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      Does going to an amusement park alleviate low back pain? A preliminary study

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          Abstract

          Background

          Low back pain is often called nonspecific pain. In this type of low back pain, various emotions and stress are known to strongly affect pain perception. The purpose of this study is to investigate how the degree of low back pain changes in people with chronic mild low back pain when they are inside and outside of an amusement park where people are supposed to have physical and psychological enjoyment.

          Methods

          The subjects were 23 volunteers (13 males and 10 females) aged 18 to 46 years old with a mean age of 24.0 years who had chronic low back pain. Visual analog scale (VAS) scores of low back pain and salivary amylase levels (kIU/L) of all subjects were measured at five time points: immediately after getting on the bus heading for the amusement park; 10 minutes, 1 hour (immediately after boarding the roller coaster), and 3 hours (immediately after exiting the haunted house) after arriving at the amusement park; and immediately before getting off the bus returning from the park.

          Results

          The three VAS values in the amusement park (10 minutes, 1 hour, and 3 hours after arriving at the amusement park) measured were significantly lower ( P < 0.05) when compared with the other two values measured immediately after getting on the bus heading for the amusement park and immediately before getting off the return bus. In salivary amylase levels, there were no statistically significant differences among the values measured at the five time points.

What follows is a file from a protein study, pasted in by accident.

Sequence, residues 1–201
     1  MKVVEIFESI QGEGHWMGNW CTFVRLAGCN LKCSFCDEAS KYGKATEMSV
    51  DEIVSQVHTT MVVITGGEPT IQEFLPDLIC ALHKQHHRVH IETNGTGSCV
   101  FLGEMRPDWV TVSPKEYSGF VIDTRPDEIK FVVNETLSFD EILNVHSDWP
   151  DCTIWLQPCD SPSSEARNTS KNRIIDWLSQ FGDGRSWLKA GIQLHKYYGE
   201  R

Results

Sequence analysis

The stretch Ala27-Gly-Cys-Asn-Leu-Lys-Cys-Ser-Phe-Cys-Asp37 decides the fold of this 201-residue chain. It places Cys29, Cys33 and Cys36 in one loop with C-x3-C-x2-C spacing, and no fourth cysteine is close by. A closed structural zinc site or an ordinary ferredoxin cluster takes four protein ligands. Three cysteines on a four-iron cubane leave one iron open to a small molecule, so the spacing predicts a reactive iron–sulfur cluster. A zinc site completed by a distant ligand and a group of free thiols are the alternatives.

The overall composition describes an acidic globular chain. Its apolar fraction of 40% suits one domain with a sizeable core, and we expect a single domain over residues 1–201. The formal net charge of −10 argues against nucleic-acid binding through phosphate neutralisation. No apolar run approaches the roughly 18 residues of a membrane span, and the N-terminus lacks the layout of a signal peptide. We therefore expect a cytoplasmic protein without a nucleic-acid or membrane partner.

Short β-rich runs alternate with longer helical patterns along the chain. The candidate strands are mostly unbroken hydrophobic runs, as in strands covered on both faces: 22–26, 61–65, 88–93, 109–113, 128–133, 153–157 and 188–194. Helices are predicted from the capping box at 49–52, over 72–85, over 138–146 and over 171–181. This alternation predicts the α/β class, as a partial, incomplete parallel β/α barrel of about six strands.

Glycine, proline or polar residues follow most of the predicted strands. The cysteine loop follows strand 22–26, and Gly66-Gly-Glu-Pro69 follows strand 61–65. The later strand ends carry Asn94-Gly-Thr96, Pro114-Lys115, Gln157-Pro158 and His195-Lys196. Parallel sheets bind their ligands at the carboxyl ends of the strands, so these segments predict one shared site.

Conclusion

          Low back pain was significantly alleviated when the subjects were in the amusement park, which demonstrated that enjoyable activities, though temporarily, alleviated their low back pain.

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          Author and article information

          Journal
          J Pain Res
          J Pain Res
          Journal of Pain Research
          Dove Medical Press
          1178-7090
          2012
          19 October 2012
          : 5
          : 409-413
          Affiliations
          Department of Spinal Surgery and Medical Engineering, Mie University Graduate School of Medicine, Tsu City, Mie Prefecture, Japan
          Author notes
          Correspondence: Yuichi Kasai, 2-174 Edobashi, Tsu City, Mie Prefecture, 514-8507, Japan, Tel +81 59 231 5022, Fax +81 59 231 5211, Email ykasai@ 123456clin.medic.mie-u.ac.jp
          Article
          jpr-5-409
          10.2147/JPR.S36960
          3484509
          23118550
          © 2012 Sakakibara et al, publisher and licensee Dove Medical Press Ltd.

          This is an Open Access article which permits unrestricted noncommercial use, provided the original work is properly cited.

          Categories
          Original Research

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